I have often found in the world of IT, people are often all passive aggressives who largely say yes in a meeting and then go subvert the very thing we just said yes to.
When someone says something at the time, they are said to be "nay sayers", "negative" or "not team players". The issue is not around sharing of our opinions, but more about respect. Some great examples of this for me came to light today in a conversation with one of our very bright team members and then again tonight while trying to negotiate with a 3 1/2 year old that hadn’t had a nap today and was obstenant.
Both stories were great examples of working to resolve conflict in very different ways. My work story was around a re-platforming project I am leading at the moment and some project managers who are currently building new applications on the old platform and will be deploying and starting development as we move to the new platform. Taking a page out of Mark Dymond’s PM101, I organized some very frequent and open communication meetings and an early working session to get the issues out and organized. These folks are seasoned veterans and I expected some subversive activity. But instead, they brought out issues, risks, ideas and feedback in advance. We don’t need to all agree, but we are really communicating and respecting each other – I am loving this project, even the issues we are having. This is the perfect world for me and I appreciate how we are working together to deal with conflicts of priorities and ideas in a positive manner.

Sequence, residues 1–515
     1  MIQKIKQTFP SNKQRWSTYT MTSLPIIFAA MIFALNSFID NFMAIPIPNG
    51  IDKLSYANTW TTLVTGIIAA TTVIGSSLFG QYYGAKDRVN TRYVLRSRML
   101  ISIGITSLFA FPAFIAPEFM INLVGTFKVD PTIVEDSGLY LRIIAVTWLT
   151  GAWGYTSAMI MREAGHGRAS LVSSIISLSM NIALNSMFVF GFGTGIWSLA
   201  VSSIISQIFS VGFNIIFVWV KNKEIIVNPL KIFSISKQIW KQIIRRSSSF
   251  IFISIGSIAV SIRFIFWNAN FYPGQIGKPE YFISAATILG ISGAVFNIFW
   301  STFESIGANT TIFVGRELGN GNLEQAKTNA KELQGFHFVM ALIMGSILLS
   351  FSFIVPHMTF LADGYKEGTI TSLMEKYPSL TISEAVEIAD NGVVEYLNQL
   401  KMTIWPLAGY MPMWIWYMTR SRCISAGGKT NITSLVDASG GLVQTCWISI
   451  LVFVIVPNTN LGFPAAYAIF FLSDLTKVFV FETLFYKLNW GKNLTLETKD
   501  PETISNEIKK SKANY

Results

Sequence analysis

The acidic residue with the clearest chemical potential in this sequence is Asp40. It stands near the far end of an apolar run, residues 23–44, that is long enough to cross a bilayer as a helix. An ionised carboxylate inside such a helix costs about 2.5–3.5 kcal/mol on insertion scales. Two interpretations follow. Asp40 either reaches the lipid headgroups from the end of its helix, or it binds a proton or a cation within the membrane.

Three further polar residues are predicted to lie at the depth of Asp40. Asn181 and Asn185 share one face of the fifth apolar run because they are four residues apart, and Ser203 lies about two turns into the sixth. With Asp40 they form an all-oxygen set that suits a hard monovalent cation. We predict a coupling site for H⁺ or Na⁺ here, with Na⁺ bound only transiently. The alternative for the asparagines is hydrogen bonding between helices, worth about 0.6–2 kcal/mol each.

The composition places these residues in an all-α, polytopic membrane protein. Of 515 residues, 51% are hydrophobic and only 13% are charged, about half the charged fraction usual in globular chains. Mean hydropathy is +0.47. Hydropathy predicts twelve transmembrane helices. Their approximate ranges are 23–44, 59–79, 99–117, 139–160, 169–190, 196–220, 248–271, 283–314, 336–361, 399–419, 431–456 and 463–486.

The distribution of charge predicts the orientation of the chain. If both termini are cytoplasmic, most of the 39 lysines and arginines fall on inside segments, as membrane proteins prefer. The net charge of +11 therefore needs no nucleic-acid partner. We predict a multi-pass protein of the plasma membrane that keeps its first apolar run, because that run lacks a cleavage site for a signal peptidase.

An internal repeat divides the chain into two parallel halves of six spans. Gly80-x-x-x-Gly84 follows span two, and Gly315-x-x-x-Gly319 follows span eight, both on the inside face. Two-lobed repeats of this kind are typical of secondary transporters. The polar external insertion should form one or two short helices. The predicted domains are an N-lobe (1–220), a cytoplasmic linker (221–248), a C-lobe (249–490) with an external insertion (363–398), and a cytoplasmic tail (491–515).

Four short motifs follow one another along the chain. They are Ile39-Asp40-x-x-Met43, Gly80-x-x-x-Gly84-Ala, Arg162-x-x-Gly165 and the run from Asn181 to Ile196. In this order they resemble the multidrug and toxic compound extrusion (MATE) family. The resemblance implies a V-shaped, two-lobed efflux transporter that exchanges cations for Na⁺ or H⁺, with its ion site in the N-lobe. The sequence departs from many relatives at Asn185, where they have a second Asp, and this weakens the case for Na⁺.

Now we come to Thomas tonight. He was unconsolable and very controlling as we worked towards bed. He had it in his mind about some things that he knew were out of bounds and would work around us to try and get to them. The behaviour was negative and didn’t actually move his little agenda forward other than a feeling of control at times (backhanded). So I tried something that I think Jim would be proud of, I changed the game and the focus. As he is wailing away on the floor I asked him for his help. He stopped immediately as his crying was self induced and an effort to control the events and said yes, what did I want. I told him I had hurt my thumb and would he help me. Bang the direction had changed. I had been hoping that by changing the situation from me demanding him to go to bed, but asking for him to help me, he could feel control and then be able to redirect the actions and it worked. Within 3 minutes he used his magical stuffed animal to fix my problem and we were off to bed without anymore tears, a few comments about some of the consequences.
I love the learning we get at home and at work and how much life can be like dealing with a 3 1/2 year old.
You are right Stephen I am proud of you. That was a neat story.
I expect the sabotage comes from people bringing up concerns in the past and being shut out. Being open to concerns and acknowledging them really helps. If we can have open dialogue we can learn so much more.
I have also found that asking for help is an awesome way to diffuse conflict. I wish I could remember more often.